Forgot your Password

If you have forgotten your password, please enter your account email below and we will reset your password and email you the new password.


Login to SciCrunch


Register an Account

Delete Saved Search

Are you sure you want to delete this saved search?


NIF LinkOut Portal


HPC3 is a new human polycomb orthologue that interacts and associates with RING1 and Bmi1 and has transcriptional repression properties.

Bárdos JI, Saurin AJ, Tissot C, Duprez E, Freemont PS
The Journal of biological chemistry


Polycomb group (PcG) proteins were first described in Drosophila as factors responsible for maintaining the transcriptionally repressed state of Hox/homeotic genes in a stable and heritable manner throughout development. A growing number of vertebrate genes related to the Drosophila PcG proteins have recently been identified, including two Polycomb orthologues, Pc2 and M33. PcG proteins form multiprotein complexes, termed PcG bodies, that are thought to repress transcription by altering chromatin structure. Here we report the identification and characterization of HPC3 (human Polycomb 3), a novel PcG protein isolated in a yeast two-hybrid screen using human RING1 as bait. HPC3 shows strong sequence similarity to Drosophila Pc and also to vertebrate Pc2 and M33, particularly within the chromodomain and C-box. Previous studies indicate that M33 and human Pc2 (HPC2) can interact with RING1, and we show here that HPC3 also binds to RING1. This interaction is dependent upon the HPC3 C-box but, only partially on the RING finger of RING1. In contrast to HPC2, HPC3 interactions with RING1 are only observed in vivo with covalently modified forms of RING1. HPC3 also colocalizes with other PcG proteins in human PcG bodies. Consistent with its role as a PcG member, HPC3 is able to act as a long range transcriptional silencer when targeted to a reporter gene by a heterologous DNA-binding domain. Taken together, these data suggest that HPC3 is part of a large multiprotein complex that also contains other PcG proteins and is involved in repression of transcriptional activity.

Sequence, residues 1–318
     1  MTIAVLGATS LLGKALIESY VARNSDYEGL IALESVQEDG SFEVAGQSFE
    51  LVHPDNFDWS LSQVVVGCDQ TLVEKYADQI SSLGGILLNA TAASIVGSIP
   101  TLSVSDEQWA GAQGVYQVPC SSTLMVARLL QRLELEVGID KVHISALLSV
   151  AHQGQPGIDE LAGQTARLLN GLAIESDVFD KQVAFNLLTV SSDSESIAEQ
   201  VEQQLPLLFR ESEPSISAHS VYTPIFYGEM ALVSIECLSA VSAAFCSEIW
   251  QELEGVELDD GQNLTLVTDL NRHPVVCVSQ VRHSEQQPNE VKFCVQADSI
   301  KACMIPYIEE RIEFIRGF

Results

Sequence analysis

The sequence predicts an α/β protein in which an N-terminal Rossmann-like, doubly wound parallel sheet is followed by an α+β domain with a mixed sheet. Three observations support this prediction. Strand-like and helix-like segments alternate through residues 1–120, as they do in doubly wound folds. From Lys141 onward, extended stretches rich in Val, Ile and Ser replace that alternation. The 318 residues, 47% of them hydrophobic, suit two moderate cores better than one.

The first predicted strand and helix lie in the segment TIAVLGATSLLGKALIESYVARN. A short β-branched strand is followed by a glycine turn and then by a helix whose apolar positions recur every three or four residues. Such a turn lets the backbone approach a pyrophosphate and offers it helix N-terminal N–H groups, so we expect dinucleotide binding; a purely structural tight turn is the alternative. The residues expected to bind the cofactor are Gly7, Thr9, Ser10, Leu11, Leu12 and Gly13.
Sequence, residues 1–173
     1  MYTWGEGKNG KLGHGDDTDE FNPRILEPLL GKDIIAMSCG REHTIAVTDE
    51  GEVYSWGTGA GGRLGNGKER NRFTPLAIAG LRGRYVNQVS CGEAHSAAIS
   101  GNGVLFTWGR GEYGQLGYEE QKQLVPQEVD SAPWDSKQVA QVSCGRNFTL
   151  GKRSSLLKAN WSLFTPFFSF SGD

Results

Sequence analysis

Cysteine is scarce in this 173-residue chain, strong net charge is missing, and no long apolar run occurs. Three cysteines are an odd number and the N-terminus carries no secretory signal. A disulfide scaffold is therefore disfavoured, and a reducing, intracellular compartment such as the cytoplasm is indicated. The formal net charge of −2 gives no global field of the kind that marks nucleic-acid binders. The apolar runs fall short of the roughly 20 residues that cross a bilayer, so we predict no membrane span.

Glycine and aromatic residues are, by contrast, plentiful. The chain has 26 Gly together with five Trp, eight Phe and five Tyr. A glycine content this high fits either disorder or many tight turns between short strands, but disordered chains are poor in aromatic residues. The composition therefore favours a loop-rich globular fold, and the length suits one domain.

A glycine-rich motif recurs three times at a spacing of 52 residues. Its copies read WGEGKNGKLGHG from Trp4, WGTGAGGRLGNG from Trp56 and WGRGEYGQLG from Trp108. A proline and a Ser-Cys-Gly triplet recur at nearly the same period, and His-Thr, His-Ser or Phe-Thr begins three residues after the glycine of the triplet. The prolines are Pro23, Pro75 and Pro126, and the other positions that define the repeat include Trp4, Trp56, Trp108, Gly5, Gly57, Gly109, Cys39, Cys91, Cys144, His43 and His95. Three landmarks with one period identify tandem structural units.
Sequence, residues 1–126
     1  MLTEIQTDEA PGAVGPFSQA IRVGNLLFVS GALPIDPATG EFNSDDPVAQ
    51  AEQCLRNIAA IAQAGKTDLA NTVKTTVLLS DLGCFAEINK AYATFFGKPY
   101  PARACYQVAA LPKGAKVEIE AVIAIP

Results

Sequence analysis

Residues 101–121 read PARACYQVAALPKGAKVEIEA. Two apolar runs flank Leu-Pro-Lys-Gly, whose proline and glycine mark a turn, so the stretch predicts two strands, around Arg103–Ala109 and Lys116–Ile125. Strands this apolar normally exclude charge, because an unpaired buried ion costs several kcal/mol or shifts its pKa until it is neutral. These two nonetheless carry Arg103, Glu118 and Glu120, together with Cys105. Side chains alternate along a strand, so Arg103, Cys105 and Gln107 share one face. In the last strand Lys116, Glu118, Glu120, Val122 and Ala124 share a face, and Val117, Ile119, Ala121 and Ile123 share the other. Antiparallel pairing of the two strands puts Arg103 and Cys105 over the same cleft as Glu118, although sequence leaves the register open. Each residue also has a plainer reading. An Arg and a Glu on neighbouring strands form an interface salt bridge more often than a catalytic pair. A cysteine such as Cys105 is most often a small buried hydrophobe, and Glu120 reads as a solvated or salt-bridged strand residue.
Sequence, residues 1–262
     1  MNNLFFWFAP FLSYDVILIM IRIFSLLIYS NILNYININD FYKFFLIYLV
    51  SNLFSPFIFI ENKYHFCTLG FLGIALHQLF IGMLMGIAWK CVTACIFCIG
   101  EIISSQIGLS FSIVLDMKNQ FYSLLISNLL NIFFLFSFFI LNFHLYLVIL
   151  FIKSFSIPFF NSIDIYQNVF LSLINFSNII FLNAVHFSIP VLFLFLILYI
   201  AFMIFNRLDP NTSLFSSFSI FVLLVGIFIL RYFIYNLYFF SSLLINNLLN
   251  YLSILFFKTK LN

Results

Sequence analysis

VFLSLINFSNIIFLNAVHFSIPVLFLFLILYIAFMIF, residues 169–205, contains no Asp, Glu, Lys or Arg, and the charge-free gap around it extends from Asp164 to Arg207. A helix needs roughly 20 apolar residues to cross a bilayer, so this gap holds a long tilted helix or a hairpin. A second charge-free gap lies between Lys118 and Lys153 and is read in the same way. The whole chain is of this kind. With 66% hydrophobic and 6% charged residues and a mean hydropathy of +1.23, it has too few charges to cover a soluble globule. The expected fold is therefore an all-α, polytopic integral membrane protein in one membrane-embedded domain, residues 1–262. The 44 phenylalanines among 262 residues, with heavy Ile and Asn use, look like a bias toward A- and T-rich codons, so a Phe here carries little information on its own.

1. Welcome

    Welcome to NIF. Explore available research resources: data, tools and materials, from across the web

  2. Community Resources

    Search for resources specially selected for NIF community

  3. More Resources

    Search across hundreds of additional biomedical databases

  4. Literature

    Search Pub Med abstracts and full text from PubMed Central

  5. Insert your Query

    Enter your search terms here and hit return. Search results for the selected tab will be returned.

  6. Join the Community

    Click here to login or register and join this community.

  7. Categories

    Narrow your search by selecting a category. For additional help in searching, view our tutorials.

  8. Query Info

    Displays the total number of search results. Provides additional information on search terms, e.g., automated query expansions, and any included categories or facets. Expansions, filters and facets can be removed by clicking on the X. Clicking on the + restores them.

  9. Search Results

    Displays individual records and a brief description. Click on the icons below each record to explore additional display options.